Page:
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Ralph Vaughan Williams

Symphony #4 in F minor (1934)

First Movement

I pointed out that classical composers don't begin with themes, but with cells. Actually, in this symphony Vaughan Williams seems to begin at the even lower level of intervals. He builds the symphony out of two intervals: the semitone (or half step; notes B and C on a piano) and the perfect fourth (the opening two notes of "Here Comes the Bride"). From these intervals come the symphony's cells. From the cells, come most, if not all, of its themes. Extremely complex, this movement requires an overview and a comparison with the classical sonata-allegro form, traditionally the form of a first movement.

Classical Vaughan Williams
1. Optional intro Opening statement of all cells
2. 1st subject stated 1st subject stated and developed
3. 2nd subject stated 2nd subject stated and developed
4. Development Pseudo-recap; opening cells developed
5. Recapitulation Recap with variations
6. Optional coda Coda

The symphony states its matter immediately, beginning with a grinding dissonance ("cribbed", Vaughan Williams claimed, from the 9th's finale) and continuing with its major cells:

1a. A dissonance fortissimo (very loud) on the semitones Db and C. He immediately repeats it an octave lower.
1b. From these semitones comes the 4-note second cell, 2 semitones separated by a minor third. This cell does most of the thematic work and is also the BACH theme transposed. BACH in the German nomenclature consists of the notes Bb-A-C-B. Bach "signed" some of his pieces in this fashion, and later composers have taken it up in homage. In the opening, Vaughan Williams uses the notes Db-C-Eb-D, the same theme starting on a different note. This should tip us off that the symphony will probably emphasize counterpoint.
1c. He then immediately transforms 1b into a 4-note cell consisting of 2 semitones separated by a semitone: E-Eb-F-E, an "almost-BACH" theme. He sets all of these cells going at progressively faster speeds on different beats of the measure, getting a kind of lurching effect.
1d. He reverses 1a from Db-C to C-Db (except that he starts it on a C#) and extends it into an upward (later downward) semitonal run to F#, covering the interval of a perfect 4th. Oooo.
1e. An upward succession of perfect 4ths, heard mainly in the brass, as a kind of slow fanfare. The cell has major consequences throughout the symphony.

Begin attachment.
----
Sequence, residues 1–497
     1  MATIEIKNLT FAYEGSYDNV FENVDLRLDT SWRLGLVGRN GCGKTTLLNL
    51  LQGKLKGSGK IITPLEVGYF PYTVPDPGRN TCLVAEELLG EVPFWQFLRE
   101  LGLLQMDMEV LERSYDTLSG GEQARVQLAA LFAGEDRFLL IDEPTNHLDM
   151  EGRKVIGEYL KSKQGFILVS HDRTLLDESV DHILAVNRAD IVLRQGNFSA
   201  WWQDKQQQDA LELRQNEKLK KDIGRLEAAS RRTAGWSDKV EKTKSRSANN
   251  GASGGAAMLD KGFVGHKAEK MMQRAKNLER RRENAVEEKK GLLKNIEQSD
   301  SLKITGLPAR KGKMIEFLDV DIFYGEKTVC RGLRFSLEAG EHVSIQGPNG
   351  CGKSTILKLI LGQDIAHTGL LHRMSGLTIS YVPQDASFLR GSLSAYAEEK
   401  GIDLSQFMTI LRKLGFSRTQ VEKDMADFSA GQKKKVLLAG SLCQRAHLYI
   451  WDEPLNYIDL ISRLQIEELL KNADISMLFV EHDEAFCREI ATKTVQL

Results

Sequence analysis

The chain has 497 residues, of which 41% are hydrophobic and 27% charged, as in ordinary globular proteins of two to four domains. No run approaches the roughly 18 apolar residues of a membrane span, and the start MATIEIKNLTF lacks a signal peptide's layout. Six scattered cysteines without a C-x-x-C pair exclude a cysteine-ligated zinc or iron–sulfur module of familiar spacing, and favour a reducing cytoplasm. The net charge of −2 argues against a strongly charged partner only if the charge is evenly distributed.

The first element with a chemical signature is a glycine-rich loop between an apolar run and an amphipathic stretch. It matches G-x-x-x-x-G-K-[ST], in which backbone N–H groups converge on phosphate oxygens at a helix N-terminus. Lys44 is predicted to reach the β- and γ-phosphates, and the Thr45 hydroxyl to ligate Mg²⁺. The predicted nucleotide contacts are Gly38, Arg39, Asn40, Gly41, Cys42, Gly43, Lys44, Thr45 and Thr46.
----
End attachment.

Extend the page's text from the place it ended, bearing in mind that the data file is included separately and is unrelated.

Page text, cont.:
All this has occurred over the first 18 measures in under 30 seconds. Curiously, we have not yet heard f, the nominal key of the symphony and the movement. We could call this a classical intro, à la Beethoven's first or Haydn's 98th, but it takes up too much emotional weight. The latter two symphonies give you the impression of "warming up." Vaughan Williams' opening starts you with a crash. Opening key and emotional ambiguity is typical of Vaughan Williams, especially in symphonies 3-5.

By measure 19, we arrive in f, and Vaughan Williams repeats the opening ideas, minus the slow fanfare, in the new key. "Arrive" is perhaps too strong. The key has not really established itself.

The key that does is not f but d, with the sounding of the first full-blown tune (A). This passionately expands 1a – the grinding with the octave drop – to a throbbing accompaniment in the brass. Vaughan Williams repeats A higher and expands and extends it. Interestingly, A has the happy power to start or end a phrase. Essentially a "cadential figure" (a progression that provides final or temporary repose at the end of a section), it can also get tacked on as a beginning. Vaughan Williams doesn't develop this theme as much as vary it with new twists and turns. The twists may fascinate you so, you may miss the considerable canonic accompaniment. Theme A both begins and ends this section.

We then hit a new theme (B) in an ambiguous D, which I designate the second subject. It starts out as a syncopated repeated F# which opens out slightly into a combination of 1b through 1d. Midway through, a counter-theme (basically B reversed) in the winds and A sound against it. Eventually, A takes over and gets developed. Fragments of A and B full-blown sound simultaneously, in elaborate fugato counterpoint yet, and we reach a pseudo-recap, pseudo since it's really further development.

We hit this false recapitulation in d with the grinding and immediately fragments of BACH and almost-BACH, first very quiet and then bursting out. This comes closest to a classical development, very short, of the latter two themes, with the upward semitone fragment as an accompaniment. The opening themes (minus the fanfare) and their fragments come to the fore more quickly and with greater urgency.

We arrive now at a true recap with a fortissimo restatement of the grinding in a quick, demonic jig. The strings snarl the semitone run. The fanfares sound in canon. More grinding. Tune A sounds again in the bass with a simultaneous elaboration in the high strings. This reaches a climax which quickly dies down to a brief brass choral statement of A. We have reached the coda.

A very quiet and much slower statement of B sounds in the middle strings, with A as a counterpoint in the high strings. The harmonic clouds lighten. The winds play the opening fragment of A in dialogue with the strings, over a Db pedal. The movement takes a little time trying to figure out whether it will end in major (the strings) or minor (the winds). It settles for major.

Copyright 1995-2000, Steve Schwartz

Forward to the Second Movement,
back to the Introduction,
back to Vaughan Williams.